I found Gabe waiting around in the park after having completed his run in 28 or 29 minutes, and we waited for a while for Anna to come in with one or both of her girls. After 50 minutes, we went looking for her along the running path and finally saw her with one of the girls, briskly walking along and chatting. They were dead last. We joined them, as did the running coaches, and, closer to the finish line, the girl's dad. It was kind of an inspirational moment when we all picked up the pace to run with her across the finish line. I was choked up for sure. Even though she came in at about 57 minutes, which the time caller didn't bother to call out loud, I felt a lot of pride for the girl (Lassandra?) for finishing the race, and for Anna for unselfishly sticking with her the whole way.


Later that day I willingly got in a car with Joe, Anna, and Gabe to drive to Mount Dora for Mother's Day. It's significant to say that I willingly got in the car with them because two of them were sick (Anna and Joe). This made for a rather rough, but spirited weekend trip. We stopped in Orlando to have dinner with Dad, which was a somewhat botched event, since the highly anticipated meal at Bonefish Grille was replaced by a mediocre Italian experience at the restaurant next door that did not have a 60 minute wait.

We settled in at Mom's later that evening and went to sleep so we could get up early to prepare Mother's Day breakfast and then head out to the new pontoon for some lake touring. Breakfast turned out to be delicious, with Gabe on the quiches, Catie preparing the french toast, and me--where else, but at the fruit bowl.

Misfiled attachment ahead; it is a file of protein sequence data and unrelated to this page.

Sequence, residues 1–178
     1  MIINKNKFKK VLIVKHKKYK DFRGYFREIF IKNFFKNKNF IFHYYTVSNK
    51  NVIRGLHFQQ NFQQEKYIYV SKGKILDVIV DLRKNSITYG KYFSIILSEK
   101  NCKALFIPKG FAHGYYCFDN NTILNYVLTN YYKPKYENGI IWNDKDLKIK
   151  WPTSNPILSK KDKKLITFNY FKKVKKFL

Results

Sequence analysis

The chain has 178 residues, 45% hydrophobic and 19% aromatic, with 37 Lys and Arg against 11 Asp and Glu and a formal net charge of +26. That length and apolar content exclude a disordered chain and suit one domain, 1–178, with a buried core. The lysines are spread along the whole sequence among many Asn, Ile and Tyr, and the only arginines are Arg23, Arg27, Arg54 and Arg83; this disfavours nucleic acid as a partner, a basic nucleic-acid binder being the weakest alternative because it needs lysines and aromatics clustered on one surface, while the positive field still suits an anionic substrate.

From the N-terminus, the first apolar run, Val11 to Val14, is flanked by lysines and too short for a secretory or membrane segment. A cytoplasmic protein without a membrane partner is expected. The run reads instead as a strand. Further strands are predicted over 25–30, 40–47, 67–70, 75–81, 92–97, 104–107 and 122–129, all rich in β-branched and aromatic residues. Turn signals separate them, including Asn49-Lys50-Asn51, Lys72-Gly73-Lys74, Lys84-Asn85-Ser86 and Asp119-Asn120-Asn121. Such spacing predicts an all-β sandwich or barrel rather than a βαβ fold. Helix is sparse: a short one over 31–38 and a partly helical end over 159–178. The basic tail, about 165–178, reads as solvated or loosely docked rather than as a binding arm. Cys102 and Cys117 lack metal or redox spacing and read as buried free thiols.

It was a windy morning when we all loaded onto the boat, Adrienne and Grandma now in tow, and Perry whipped us through the rough waters quite speedily until we reached the canal. It was suddenly very serene and scenic maneuvering through the canal, with little turtles bathing on logs, blue herons watching us in stillness, and even a couple of alligators poking their beady eyes above water. We all enjoyed the peace of nature together as other holiday boaters passed us by.

After returning safely to land, we convened at the Frosty Mug for lunch, where Pattie met up with us. We visited over salads, sandwiches, and fish 'n' chips, and then we returned to Mom's house for ice cream sundaes. It was a long and full day, especially for the two sickos, and us kids were ready to head home.

That evening Joe slept for 13 hours straight, and I shifted around the house uncomfortably, sensing some dark viral entity looming over my body, ready to strike as soon as I let my guard down.


People Liked to Read...

Surgery Chronicles: Hard Feelings